The process of filing a housing complaint against a negligent landlord may be as simple as writing a letter or as unpleasant as seeking redress against discriminatory housing practices. As a renter, you have the right to a safe and worry-free environment. A complaint form is an easy way to file a complaint with the organization, but legal advice may also be useful depending on the situation and complaint process. While there are a few options for filing a complaint, a telephone number, or other contact information, can be available as a complaint hotline, connecting you to a regional office for your complaint from your warranty of habitability, your rental unit needs, or reasonable accommodations after an instance with a landlord.
Certain providers of legal assistance will need a formal landlord tenant complaint or a housing discrimination complaint with the housing authority for proper actions for the tenants health and safety in the situation. If the federal government is involved, there are fair housing laws, fair housing complaints, consumer protections, consumer complaints, real estate codes and other legal services for property manager complaints with the fair housing act. Some states, like Pennsylvania, have specific housing laws for these situations.
Tenants can negotiate a problem with an apartment manager or landlord or file a complaint with the Rental Protection Agency, which has offices in all 50 states and can give you legal counsel. Check the code enforcement laws in your area or with Fair Housing if the landlord has denied access to rent based on discrimination. The Department of Housing and Urban Development can help if this is the case.
Common Problems Leading to Landlord-Tenant Disputes
Report Your Dispute With the Relevant Agency
Report disputes with your landlord about the security deposit, unlawful entry on the part of the landlord, eviction notices, management problems, repair problems, issues with neighbors, code violations, unfair lease terms and other issues to the appropriate local or state agency. This varies from state to state, but in general, check with the county courthouse to locate the office in charge of code enforcement. In some states, complaints go to the state attorney general’s office, department of consumer affairs or another agency with your local government.
Put Your Complaint in Writing
Put it in writing. List the problems that need to be fixed and send the letter by certified mail to ensure you have proof your landlord received the notice. The repairs should be completed within 14 days. You may wish to notify your landlord that if the repairs have not been completed within that time frame, you will break the lease and move at the end of 30 days.
Another option is to pay for the repairs yourself and then deduct the amount from your rent check. Make sure you keep the receipt for the repairs and send a copy with your rent check.
Report Violations to the City Authority
Dial 3-1-1 to report landlord violations to the city authority for code enforcement. A complaint filed with about a maintenance problem provides a record that the landlord has not done what he or she is required by law to do, which is to provide you with a safe and habitable housing. Use this record if your landlord takes you to court or you decide to file a claim with small claims court. Have a pen or pencil and paper ready to take down the complaint or tracking number to check the status of the claim and determine whether an investigator has been to your apartment.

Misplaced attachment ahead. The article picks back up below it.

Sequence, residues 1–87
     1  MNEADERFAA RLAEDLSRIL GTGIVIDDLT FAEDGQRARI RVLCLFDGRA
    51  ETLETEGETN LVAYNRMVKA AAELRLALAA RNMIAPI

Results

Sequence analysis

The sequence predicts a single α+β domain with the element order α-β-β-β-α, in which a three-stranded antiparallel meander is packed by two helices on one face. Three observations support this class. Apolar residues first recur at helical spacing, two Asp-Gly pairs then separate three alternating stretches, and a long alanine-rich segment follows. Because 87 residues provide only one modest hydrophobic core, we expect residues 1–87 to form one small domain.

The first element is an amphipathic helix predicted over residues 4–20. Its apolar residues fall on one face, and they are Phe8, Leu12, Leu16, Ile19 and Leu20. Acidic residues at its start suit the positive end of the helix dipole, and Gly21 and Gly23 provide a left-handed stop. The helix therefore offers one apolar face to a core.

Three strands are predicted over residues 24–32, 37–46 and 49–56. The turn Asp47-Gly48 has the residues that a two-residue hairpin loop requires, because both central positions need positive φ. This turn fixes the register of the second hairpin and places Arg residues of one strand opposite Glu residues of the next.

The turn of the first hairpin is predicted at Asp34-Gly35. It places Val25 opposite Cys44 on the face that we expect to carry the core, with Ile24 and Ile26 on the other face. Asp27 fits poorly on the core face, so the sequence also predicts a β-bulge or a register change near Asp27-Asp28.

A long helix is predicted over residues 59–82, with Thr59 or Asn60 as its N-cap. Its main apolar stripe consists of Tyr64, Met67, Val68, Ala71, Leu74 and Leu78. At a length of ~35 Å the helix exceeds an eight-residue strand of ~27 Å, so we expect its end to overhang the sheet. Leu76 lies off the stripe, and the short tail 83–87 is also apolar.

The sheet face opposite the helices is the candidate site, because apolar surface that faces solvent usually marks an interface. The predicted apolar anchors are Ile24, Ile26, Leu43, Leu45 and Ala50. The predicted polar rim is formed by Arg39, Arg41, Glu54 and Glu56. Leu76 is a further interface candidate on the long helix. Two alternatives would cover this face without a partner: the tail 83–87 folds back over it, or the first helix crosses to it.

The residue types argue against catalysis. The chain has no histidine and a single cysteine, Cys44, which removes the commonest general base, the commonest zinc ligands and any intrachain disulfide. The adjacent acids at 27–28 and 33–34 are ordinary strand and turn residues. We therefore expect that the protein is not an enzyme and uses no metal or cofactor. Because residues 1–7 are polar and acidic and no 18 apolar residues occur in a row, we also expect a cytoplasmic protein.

Contact the Dept of Housing and Urban Development
Contact the Department of Housing and Urban Development in your area if you feel you have been the target of discrimination. According to the U.S. Department of Housing and Urban Development website, the landlord may not deny you the right to rent based on your race, color, national origin, religion, sex, family status (including children under the age of 18 living with parents or legal guardians, pregnant women, and people seeking custody of children under the age of 18), as well as handicapped or disabled persons.
Know the Terms of the Lease
Know the terms of the lease. The landlord has a right to evict a tenant after the term of the lease or the tenant is behind in rent or has breached a clause of the lease, such has having pets when the lease stipulated no pets allowed. The landlord must personally deliver the eviction notice, stating the reason the landlord wishes the tenant to leave and the date of the eviction.
Generally, the landlord is required to give 30 days' notice if the lease is month-to-month, 90 days if it is a year-long lease, but only 15 days if the rent is overdue. There may be legitimate reasons for being evicted that give you no legal recourse.
Read More: How to Write a Response Letter to an Eviction Notice
- Rental Protection Agency: Apartment/Landlord Complaint Help; 2010
- Tenant-Landlord Handbook
- California Department of Justice: Landlord - Tenant Disputes
- HUD: Tenant Rights, Laws and Protections
- Legal Beagle: How to Write a Response Letter to an Eviction Notice
- Legal Beagle: California Tenant Rights: Overview of Laws & Protections
- Legal Beagle: California Security Deposit Laws: Landlord and Tenant Rights
- Legal Beagle: Landlord Right of Entry: California Tenant Privacy Rights
This article was written by Legal Beagle staff. If you have any questions, please reach out to us on our contact us page.